Spurred on by mass hacking, I’ve updated my old (version 2.0.3) WordPress install to something a little newer.
I decided to err on the side of caution and upgrade a copy of the live DB first – and I’m glad I did. I saw lots of problems with accents and symbols getting munged in the upgrade – well, that’s what I thought.
In reality, the symbols were being screwed in the backup-and-restore process. Words such as “naïve”, £-signs and various typographic quotes were obviously getting messed up through character-encoding issues.
After a bit of sleuthing, I found the output from
mysqldump wasn’t valid. The problem was caused by a combination of default connection settings in a
.my.cnf, and the fact that the old WordPress install was storing utf-8 characters inside a latin1 database.
My MySQL default settings are:
Because we’re pulling latin1 data over a utf-8 connection, MySQL starts doing character-set conversions, and screws up a bunch of text that it thinks is latin1, but in reality is actually already in utf-8.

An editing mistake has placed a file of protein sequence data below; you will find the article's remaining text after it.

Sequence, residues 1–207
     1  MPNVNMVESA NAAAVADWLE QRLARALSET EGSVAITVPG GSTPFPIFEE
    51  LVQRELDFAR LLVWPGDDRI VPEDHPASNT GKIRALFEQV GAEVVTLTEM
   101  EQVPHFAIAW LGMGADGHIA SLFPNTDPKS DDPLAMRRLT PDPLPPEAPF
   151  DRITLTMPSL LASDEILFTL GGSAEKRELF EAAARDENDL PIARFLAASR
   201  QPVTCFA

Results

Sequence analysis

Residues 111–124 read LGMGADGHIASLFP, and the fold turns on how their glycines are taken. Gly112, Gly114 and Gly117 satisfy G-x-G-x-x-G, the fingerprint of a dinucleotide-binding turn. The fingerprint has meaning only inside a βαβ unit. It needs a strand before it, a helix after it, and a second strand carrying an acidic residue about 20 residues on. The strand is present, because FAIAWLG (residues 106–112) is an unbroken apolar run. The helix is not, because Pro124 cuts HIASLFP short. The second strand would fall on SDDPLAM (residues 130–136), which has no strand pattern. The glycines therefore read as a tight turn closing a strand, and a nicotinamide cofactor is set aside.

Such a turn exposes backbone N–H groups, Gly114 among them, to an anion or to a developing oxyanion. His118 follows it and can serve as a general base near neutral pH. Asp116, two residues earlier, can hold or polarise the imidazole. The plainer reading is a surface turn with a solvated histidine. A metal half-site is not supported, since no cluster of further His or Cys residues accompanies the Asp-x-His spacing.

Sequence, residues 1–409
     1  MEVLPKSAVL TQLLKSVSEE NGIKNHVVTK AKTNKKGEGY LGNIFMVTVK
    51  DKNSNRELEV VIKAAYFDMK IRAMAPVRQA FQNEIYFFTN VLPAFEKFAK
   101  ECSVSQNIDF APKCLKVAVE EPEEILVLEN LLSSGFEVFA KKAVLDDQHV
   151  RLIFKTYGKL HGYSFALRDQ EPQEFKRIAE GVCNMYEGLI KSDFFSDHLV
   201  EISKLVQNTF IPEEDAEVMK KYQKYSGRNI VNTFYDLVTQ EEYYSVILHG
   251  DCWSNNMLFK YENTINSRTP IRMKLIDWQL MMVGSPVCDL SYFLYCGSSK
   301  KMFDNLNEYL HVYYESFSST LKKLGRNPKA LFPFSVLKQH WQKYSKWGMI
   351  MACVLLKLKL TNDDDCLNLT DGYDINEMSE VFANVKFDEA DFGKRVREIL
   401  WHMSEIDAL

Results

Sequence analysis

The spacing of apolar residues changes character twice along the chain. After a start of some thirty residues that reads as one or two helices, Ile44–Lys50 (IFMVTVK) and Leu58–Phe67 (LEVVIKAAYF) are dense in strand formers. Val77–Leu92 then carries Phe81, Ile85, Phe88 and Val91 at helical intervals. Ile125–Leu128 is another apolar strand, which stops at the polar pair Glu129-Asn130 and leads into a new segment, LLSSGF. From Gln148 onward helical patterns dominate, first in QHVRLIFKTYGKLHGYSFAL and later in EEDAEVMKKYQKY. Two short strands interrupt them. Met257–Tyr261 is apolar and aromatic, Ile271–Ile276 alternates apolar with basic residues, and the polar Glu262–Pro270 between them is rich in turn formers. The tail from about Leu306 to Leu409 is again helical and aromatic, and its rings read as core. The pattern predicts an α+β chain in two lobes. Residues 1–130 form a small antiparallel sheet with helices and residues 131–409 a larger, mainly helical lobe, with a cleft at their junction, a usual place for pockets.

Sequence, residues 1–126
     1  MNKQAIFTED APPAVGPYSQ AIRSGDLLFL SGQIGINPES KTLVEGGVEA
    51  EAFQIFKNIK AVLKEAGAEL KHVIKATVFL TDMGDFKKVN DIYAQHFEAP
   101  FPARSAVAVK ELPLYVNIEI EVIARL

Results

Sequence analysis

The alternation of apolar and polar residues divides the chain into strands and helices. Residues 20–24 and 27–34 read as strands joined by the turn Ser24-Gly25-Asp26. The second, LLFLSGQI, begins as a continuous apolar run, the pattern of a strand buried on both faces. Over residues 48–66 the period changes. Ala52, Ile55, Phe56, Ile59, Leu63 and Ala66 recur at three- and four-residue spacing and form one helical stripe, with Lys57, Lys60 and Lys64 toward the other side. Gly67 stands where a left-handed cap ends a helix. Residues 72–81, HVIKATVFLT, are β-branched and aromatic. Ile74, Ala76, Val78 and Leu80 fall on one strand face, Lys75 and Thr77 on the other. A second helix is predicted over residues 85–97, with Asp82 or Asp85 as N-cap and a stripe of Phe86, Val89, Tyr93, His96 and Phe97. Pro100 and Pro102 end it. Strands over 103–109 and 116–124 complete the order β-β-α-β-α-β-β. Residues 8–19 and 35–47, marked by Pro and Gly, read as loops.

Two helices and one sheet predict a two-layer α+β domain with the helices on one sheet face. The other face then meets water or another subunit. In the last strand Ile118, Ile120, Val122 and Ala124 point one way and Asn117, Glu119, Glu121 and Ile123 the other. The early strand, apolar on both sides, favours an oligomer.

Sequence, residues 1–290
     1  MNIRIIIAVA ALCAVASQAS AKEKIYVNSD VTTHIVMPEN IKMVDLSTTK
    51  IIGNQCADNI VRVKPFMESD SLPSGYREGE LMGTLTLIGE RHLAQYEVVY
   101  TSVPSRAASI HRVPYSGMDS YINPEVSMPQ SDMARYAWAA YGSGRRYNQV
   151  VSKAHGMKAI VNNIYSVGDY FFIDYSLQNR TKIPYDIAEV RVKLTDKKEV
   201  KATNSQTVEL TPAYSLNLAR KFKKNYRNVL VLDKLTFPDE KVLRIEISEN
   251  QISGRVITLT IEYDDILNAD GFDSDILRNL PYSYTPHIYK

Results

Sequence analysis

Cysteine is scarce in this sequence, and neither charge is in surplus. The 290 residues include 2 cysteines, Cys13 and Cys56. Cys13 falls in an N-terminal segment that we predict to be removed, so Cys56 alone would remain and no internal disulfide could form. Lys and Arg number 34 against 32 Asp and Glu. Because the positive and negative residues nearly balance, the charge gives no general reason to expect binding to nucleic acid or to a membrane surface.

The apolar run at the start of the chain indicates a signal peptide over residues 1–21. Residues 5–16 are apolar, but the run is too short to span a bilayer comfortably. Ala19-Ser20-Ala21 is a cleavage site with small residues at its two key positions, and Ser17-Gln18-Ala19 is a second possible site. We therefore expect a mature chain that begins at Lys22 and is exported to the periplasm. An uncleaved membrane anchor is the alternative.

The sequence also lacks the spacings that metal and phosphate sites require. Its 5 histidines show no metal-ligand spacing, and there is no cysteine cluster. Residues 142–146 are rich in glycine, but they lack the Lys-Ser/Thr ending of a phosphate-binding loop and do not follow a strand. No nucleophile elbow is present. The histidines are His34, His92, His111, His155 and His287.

The fix for the backup process was to override my default settings with latin1:
$ mysqldump --default-character-set=latin1 --opt -h db.example.com -u user -ppassword schema > db-backup-latin1-20080707.sql
That worked fine, and the next step was reloading it into the DB as utf-8. This required a little bit of string replacement using a command-line utility bundled with MySQL. If you’re going to do this yourself, watch what you type: I somehow typed in “lastin1” halfway through and lost an hour or so trying to figure out what went wrong. Anyhow, here’s the command-line:
$ replace "CHARSET=latin1" "CHARSET=utf8" "SET NAMES latin1" "SET NAMES utf8" < db-backup-latin1-20080707.sql > db-backup-utf8-20080707.sql
You should now be able to blat / restore / overwrite your DB and ensure all tables are in the appropriate character set, ready for a smooth wordpress upgrade.
$ mysql --opt -h db.example.com -u user -ppassword schema < db-backup-utf8-20080707.sql